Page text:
Lifespring Church joins lawsuit against Walz, Ryan over religious liberties
The lawsuit comes roughly a month after another lawsuit led by the Minnesota Small Business Association challenged the governor's authority to implement executive orders restricting small businesses during COVID-19.
Gov. Tim Walz’s pandemic-related executive orders and its opponents are once again going to have their day in court — this time over the issue of religious liberties.
The Thomas More Society filed a federal lawsuit against Crow Wing County Attorney Don Ryan alongside Walz Thursday, Aug. 13, in United States District Court, over executive orders requiring face masks at religious worship services. The complaint asks the court to declare Minnesota’s combination of executive orders regarding social distancing and mask wearing at church to be unconstitutional under the First Amendment and Fourteenth Amendment of the United States Constitution.
According to a news release, the complaint is on behalf of three Christian churches, their leaders and churchgoers who are charging Walz, Ryan, Attorney General Keith Ellison, Douglas County Attorney Chad Larson, and Wright County Attorney Tom Kelly are violating their religious liberties by limiting capacity during services, requiring 6 feet of social distancing and requiring face masks.
Cornerstone Church of Alexandria, Land of Promise Church in Buffalo, and Lifespring Church in Crosby, along with their respective pastors, Darryl Knappen, Gerald Ernst, and Eric Anderson, have been joined in the lawsuit by individual churchgoers Traverse County Attorney Matthew Franzese and Minnesota State Rep. Jeff Backer.
During a phone interview, Ryan confirmed he was aware of the lawsuit, but as of Friday afternoon he had neither received nor seen a copy of the lawsuit itself and, thus, could not comment on the matter.
“Governor Walz, a former teacher, gets a F in religious liberties,” stated Erick Kaardal, the attorney representing the Thomas More Society, in the release. “Other states, including Texas, Illinois, and Ohio have excluded churches from COVID-19 mask mandates. Unlike Walz, those states have recognized that you cannot criminalize religious attendance at houses of worship for any reason. Governor Walz wants to prosecute Minnesotans for religious attendance. We are going to do our best not to see that happen.”
“We are also seeking a pronouncement that Walz’s Executive Orders violate the Minnesota Constitution’s Article III separation of powers provision. Walz is exercising pure legislative law-making power — a thing only the legislature can constitutionally do,” Kaardal continued in the release. “In particular, we seek an injunction against Executive Order 20-74, which mandates social distancing during religious worship, and Executive Order 20-81, which requires face masks and conflicts with existing Minnesota laws outlawing the wearing of face masks.”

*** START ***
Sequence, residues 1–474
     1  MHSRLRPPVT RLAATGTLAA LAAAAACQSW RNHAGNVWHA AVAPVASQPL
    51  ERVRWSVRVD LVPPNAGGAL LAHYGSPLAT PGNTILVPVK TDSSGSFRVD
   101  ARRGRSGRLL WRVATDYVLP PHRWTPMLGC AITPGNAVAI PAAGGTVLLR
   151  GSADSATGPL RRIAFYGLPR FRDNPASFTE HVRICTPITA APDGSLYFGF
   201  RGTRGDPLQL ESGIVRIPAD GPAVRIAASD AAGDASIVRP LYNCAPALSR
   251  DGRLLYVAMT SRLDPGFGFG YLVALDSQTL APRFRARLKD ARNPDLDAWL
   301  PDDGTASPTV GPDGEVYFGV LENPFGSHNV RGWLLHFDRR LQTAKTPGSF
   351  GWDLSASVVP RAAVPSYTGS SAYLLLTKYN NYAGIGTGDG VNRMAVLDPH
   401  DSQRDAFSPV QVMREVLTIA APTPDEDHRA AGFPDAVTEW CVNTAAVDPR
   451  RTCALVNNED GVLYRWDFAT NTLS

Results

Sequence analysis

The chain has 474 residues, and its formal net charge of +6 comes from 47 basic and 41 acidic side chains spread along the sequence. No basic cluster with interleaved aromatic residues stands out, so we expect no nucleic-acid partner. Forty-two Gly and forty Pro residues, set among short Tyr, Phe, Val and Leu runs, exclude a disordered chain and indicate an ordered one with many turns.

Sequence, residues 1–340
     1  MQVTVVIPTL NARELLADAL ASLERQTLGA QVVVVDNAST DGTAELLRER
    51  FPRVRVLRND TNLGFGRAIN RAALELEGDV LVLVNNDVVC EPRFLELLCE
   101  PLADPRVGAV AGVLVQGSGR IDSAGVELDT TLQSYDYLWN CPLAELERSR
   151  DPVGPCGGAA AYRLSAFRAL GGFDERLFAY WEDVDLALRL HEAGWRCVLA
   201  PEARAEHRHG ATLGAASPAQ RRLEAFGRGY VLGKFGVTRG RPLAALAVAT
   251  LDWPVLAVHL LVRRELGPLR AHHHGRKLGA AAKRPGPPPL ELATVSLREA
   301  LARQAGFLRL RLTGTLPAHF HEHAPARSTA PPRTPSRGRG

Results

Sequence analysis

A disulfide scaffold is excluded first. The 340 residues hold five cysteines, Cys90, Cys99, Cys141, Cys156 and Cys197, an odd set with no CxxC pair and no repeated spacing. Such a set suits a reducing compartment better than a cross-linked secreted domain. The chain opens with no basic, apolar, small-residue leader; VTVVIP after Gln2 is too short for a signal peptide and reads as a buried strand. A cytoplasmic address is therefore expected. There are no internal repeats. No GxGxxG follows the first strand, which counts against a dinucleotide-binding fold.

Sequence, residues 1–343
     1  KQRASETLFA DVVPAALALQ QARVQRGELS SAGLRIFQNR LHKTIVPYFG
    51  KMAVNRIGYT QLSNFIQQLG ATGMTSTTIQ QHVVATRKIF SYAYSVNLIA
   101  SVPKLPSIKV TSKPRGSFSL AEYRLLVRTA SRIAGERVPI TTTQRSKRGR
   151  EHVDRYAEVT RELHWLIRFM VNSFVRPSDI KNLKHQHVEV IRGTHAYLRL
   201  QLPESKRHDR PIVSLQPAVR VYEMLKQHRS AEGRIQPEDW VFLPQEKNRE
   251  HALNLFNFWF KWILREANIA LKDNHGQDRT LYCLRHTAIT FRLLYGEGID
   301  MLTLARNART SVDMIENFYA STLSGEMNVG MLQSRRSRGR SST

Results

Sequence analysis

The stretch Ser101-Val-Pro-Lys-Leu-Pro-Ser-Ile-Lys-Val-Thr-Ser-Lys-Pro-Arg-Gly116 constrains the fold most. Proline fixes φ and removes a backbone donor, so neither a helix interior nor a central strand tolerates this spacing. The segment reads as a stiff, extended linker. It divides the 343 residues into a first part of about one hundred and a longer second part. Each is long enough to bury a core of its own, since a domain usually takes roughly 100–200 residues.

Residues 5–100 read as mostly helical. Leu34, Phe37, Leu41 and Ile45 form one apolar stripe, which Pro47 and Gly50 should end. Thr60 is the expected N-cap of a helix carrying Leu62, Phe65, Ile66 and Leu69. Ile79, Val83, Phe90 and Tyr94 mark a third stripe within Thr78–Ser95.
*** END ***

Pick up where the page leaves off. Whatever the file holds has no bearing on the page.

Anderson emphasized his church’s decision to join in the lawsuit was not born from any anarchic or anti-government sentiment, so much as a moral duty to protect religious liberties. Describing his congregation as one with a variety of opinions on the issues of masks, social distancing, and other measures to contain the spread of COVID-19, Anderson said Walz’s orders were unconstitutional and, ultimately, a violation of separations between church and state.
“We decided to participate in this (lawsuit) because we care about the liberties of other people,” Anderson said during a phone interview Friday, Aug .14. “We care about our future liberties, the liberties of our children, the liberties of other churches to be able to meet. And we believe that as American citizens of this nation, one of the first liberties that we have and enjoy is the First Amendment … even more strongly because the ability for religious or Christian worship to be held without government interference.”
Anderson said it wasn’t his or the church’s place to speculate on whether Walz’s intentions were good but misguided, or intentionally nefarious in nature, but simply to advocate against infringements of religious liberties.
“We are quite peaceful, like we obey the government. We believe the government has a legitimate sphere of authority in our lives,” Anderson said. “There is legitimate use for the government, as a civil magistrate to punish evildoers and to protect the good, so that we can pursue life, liberty and the pursuit of happiness.”
Furthermore, Anderson said his church has taken a stance of personal responsibility. He noted Lifespring Church was temporarily closed and while worshipers are not required to wear a mask to attend services, they’re urged to practice common sense and not pressured to be physically present if they feel uncomfortable or worry for their personal safety. These decisions were made after much deliberation among the congregation, he said.
GABRIEL LAGARDE may be reached at firstname.lastname@example.org or 218-855-5859. Follow at www.twitter.com/glbrddispatch .